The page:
The 5-megapixel Canon PowerShot SD400 is 1.5 ounces lighter than the 7.1-megapixel SD500, but otherwise offers very similar features. Like its slightly larger sibling, the SD400 is a pocketable point-and-shooter that takes excellent pictures.
The Optura 60 shoots excellent video (provided you have enough light), snaps decent still images, and offers a full range of creative flexibility, making it a solid choice.
If you’re a beginner to photography, the 6.2-megapixel HP Photosmart R717’s unique help features will help you expand your comfort zone.
The 5-megapixel digital cameras reviewed in our July 2005 issue had widely varying image quality, with the Konica Minolta Dimage Z5 and Z20 showing the best images.
The 7.1-megapixel digital camera is a smooth operator, but its dearth of manual features and high price make it an expensive choice.
If you need a little handholding, the HP Photosmart M22 is an attractive camera, especially if you have a penchant for panoramas.
This 5-megapixel camera offers plenty of pixels per dollar, but poor performance keeps it from being a good value.
The 4-megapixel Canon PowerShot A520 offers full manual controls and takes very good images, but its handling is marred by poor design.
Guest PC 1.2 lets you run a virtual Windows computer on your Mac. At almost half the price of Virtual PC 7, some users will find it a money-saving way to run the occasional Windows program.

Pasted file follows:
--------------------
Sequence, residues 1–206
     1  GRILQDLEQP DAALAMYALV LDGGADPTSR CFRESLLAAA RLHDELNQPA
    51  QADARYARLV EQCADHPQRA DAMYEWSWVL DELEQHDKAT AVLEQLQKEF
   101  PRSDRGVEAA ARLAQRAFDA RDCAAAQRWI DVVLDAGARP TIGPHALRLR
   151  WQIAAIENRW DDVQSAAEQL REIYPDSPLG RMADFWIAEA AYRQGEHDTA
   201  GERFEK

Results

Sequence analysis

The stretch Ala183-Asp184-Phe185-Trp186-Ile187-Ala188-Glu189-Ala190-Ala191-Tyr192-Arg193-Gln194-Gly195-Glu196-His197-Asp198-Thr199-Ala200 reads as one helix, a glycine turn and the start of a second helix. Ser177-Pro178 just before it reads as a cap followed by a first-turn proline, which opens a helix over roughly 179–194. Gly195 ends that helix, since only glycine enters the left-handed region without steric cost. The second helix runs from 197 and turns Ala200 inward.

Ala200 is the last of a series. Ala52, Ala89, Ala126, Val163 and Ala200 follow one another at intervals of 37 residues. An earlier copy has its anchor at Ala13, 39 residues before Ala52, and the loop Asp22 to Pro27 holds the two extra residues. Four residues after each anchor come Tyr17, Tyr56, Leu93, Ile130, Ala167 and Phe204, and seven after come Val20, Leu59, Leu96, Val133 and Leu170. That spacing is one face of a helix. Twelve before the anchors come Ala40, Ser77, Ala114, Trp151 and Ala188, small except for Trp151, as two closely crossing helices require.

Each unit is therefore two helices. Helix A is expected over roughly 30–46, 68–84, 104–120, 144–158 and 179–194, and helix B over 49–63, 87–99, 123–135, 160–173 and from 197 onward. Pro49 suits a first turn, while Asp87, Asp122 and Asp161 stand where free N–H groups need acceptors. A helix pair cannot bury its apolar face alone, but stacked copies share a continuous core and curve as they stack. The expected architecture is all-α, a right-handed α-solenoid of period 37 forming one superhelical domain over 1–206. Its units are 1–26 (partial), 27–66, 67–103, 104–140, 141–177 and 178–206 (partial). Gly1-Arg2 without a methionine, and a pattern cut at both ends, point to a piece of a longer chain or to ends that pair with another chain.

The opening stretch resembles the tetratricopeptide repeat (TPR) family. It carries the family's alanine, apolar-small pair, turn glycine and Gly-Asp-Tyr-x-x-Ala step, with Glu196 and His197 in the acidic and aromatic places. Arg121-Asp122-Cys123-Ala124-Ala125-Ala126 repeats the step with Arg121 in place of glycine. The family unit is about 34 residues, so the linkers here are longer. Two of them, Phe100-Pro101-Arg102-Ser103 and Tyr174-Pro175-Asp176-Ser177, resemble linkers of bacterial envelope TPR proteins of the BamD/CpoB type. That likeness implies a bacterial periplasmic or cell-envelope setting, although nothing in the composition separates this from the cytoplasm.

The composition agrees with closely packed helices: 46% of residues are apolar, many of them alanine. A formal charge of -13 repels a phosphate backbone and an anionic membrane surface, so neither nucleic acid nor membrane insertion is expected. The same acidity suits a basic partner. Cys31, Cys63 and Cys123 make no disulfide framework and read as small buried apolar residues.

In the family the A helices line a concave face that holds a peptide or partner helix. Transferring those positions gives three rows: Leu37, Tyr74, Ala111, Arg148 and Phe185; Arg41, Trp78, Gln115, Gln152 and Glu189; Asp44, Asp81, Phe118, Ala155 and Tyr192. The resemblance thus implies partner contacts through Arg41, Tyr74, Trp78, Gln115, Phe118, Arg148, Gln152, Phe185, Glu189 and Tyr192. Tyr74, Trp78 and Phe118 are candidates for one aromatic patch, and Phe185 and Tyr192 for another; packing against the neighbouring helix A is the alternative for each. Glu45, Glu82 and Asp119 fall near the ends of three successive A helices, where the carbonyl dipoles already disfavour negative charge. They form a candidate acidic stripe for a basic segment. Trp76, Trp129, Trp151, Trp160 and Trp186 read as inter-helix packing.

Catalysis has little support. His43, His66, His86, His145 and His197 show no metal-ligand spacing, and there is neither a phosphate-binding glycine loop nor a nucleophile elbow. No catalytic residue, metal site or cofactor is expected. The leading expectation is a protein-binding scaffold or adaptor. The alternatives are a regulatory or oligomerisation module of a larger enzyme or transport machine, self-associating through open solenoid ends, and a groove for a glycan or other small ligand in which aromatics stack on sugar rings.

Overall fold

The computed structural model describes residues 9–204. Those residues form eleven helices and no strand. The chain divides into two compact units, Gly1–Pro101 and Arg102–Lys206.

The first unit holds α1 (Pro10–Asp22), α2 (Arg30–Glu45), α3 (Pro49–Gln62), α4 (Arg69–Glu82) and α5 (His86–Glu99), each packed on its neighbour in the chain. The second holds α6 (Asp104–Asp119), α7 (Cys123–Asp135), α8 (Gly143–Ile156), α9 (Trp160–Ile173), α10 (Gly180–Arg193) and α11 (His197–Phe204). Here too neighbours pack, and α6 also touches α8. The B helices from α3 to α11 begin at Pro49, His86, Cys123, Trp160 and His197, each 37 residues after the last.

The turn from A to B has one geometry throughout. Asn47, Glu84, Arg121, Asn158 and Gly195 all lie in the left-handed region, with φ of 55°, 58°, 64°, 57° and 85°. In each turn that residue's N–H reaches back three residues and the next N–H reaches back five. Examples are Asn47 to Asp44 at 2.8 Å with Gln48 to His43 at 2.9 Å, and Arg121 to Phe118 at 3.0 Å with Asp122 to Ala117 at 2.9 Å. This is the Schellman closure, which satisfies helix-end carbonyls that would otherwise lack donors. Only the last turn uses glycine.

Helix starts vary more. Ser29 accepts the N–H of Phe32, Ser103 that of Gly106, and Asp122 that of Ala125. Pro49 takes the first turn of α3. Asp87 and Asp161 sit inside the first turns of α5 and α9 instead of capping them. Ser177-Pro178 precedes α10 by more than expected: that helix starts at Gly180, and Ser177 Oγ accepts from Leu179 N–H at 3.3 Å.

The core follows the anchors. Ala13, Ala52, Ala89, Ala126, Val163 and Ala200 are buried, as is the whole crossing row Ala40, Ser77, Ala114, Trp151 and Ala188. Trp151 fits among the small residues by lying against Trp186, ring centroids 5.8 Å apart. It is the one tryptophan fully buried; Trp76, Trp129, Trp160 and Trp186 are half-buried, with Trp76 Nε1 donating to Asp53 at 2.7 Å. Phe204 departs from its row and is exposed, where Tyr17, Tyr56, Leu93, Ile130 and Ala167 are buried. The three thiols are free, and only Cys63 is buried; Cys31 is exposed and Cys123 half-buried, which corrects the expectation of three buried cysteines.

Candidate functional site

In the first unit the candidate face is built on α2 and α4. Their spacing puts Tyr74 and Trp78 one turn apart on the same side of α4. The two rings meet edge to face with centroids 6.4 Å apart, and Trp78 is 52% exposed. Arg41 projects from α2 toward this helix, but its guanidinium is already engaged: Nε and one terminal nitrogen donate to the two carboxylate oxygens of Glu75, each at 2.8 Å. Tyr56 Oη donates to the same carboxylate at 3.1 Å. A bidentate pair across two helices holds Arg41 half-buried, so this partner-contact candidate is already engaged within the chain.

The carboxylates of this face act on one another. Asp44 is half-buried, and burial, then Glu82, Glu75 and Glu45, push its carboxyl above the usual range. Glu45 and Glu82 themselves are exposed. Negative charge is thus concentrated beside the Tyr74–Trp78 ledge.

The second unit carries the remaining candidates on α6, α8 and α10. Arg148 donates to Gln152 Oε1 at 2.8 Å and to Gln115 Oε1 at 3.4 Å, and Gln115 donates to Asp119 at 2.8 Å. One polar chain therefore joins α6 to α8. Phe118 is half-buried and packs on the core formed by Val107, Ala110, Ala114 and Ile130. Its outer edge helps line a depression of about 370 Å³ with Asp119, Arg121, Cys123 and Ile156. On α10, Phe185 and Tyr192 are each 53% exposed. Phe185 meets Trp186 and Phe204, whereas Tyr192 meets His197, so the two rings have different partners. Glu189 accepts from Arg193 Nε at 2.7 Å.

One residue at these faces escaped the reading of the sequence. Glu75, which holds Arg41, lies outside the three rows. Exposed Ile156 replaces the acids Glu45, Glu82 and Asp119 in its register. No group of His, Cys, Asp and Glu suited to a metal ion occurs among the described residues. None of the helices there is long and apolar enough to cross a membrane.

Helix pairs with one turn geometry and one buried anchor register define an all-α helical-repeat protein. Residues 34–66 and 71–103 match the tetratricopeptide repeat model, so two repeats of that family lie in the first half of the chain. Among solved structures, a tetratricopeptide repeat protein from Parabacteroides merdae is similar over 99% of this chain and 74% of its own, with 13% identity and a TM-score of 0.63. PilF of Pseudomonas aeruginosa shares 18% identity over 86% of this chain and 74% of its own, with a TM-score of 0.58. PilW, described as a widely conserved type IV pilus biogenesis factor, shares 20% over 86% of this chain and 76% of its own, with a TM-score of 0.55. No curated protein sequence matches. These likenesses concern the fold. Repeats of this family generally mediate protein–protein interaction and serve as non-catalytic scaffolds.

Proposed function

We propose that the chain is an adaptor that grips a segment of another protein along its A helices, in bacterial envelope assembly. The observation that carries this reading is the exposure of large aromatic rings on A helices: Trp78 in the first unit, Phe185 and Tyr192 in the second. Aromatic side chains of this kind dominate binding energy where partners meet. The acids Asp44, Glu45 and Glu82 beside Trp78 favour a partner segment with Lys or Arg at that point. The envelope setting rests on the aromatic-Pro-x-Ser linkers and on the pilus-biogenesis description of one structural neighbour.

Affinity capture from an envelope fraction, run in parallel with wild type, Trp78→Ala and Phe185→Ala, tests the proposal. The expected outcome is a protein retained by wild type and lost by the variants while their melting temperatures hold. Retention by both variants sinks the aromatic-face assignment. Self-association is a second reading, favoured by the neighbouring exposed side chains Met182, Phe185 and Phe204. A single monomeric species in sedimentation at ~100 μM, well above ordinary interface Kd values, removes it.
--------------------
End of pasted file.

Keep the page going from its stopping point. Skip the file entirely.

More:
The Exilim EX-Z55 is compact and lightweight, yet it offers a generous 2.5-inch LCD. The bright, outsized monitor is nice, but the picture quality fell short of expectations.
Its low price per megapixel makes the 6-megapixel Concord 6340z seem like a bargain, but you’re probably better off with a 5-megapixel camera that takes better pictures.
This camera offers five-megapixel resolution for only a little money, making it a decent choice for bargain hunters and beginners, but its pictures are just average.
The 7-megapixel Olympus C-7070 Wide Zoom, with its namesake wide-angle lens, abundance of features, and great picture quality, has a lot to offer the enthusiast who’s a few dollars short of the price of a digital SLR.
The Olympus Stylus Verve is chic and compact, but will really pay (and sacrifice) for style. If good-looking pictures are more important to you than looking good, look elsewhere.
Very good pictures, 8x optical zoom, focus to 0.4 inches, and manual controls make the Z20 a good choice for the beginning shutterbug on a budget, especially if your interest lies in macro photography.